Mug-Shot Websites: Are They Extortion?
Flickr creative commons /aj_1328
In 2010, a Florida man named Craig Robert Wiggen started the website Florida.arrests.org -- after he himself had done three years in prison for stealing credit card numbers in Tallahassee. He began collecting free mug shots of people who had been arrested. His intention was not to humiliate people, he said; initially, he thought he'd make money through lawyers and bail bondsmen advertising on his site.
But Wiggens found a more lucrative way of earning cash -- having the featured arrestees pay a fee for him to remove their picture.
Now, some people are trying to fight back against these site operators, and a news article this weekend may have dealt them a major blow.
Lots of people have felt the wrath of Wiggen's site --- or one of dozens of copycat sites. For many who have been arrested and subsequently Googled, an internet search will often bring up their mug shot early in search results. That's true even if the arrestee has been exonerated or charges have been dropped.
Paying to have the pictures taken down, some people say, is extortion.
New Times spoke to a Palm Beach County woman whose photo from a drunk-driving arrest appeared on Wiggen's site, even though the charges against her were dropped. The site with her photo was the first thing that came up when people Googled her name, and she went years struggling to find a job. She said she paid to have her mug shot removed, but this only showed that she was willing to pay, and her image popped up on another, similar site that she suspects was also run by the same operator. When she paid to have that removed too, she says, she began getting job offers. She said the website fees cost her about $1,000.
This weekend, the New York Times profiled a few people who have had similar problems in Florida: a Tampa doctor whose mug shot showed up when she was arrested for defending herself against a violent boyfriend and a college freshman who was busted for drugs in Florida but who went through a pretrial diversion program that should make his record clean. Both were still struggling with their images posted on mug-shot sites.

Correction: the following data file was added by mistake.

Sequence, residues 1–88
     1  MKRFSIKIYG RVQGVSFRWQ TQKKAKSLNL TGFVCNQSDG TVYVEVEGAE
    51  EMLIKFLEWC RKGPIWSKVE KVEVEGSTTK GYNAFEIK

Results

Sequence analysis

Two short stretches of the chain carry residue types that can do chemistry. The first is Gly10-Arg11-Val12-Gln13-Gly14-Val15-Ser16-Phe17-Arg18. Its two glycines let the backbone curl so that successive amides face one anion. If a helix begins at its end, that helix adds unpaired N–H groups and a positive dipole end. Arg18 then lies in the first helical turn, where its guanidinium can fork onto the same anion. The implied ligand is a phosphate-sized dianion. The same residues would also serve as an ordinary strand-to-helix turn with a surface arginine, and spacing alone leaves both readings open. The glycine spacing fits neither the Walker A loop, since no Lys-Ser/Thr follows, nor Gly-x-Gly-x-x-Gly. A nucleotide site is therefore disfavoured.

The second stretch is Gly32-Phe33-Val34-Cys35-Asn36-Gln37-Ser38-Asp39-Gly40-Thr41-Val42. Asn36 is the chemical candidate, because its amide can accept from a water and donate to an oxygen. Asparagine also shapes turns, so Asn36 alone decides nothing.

Sure, people had tried complaining about them on RipoffReport.com and similar sites. Recently, "victims" in Ohio filed a class-action lawsuit, claiming the sites are extortion. In Oregon, a legislator has filed a bill to fight them.
But operators of the sites say they're doing a service -- by making it easy to Google whether your kid's baseball coach or neighbor has a criminal record. Otherwise, people have to search a maze of dozens of city, county, and state police websites.
Also journalists have fought for the mug shots to remain publicly available. From the Times article:
The Reporters Committee for Freedom of the Press favors unfettered access to the images, no matter how obscure the arrestee and no matter the ultimate disposition of the case. Even laws that force sites to delete images of the exonerated, the committee maintains, are a step in the wrong direction.
Ultimately, journalism may be more effective than any lawsuit -- once New York Times reporter David Segal started calling around for comment for his article, American Express, Visa, Mastercard, PayPal, and Discover all said they were either terminating their relationships with the mug-shot sites or investigating them.
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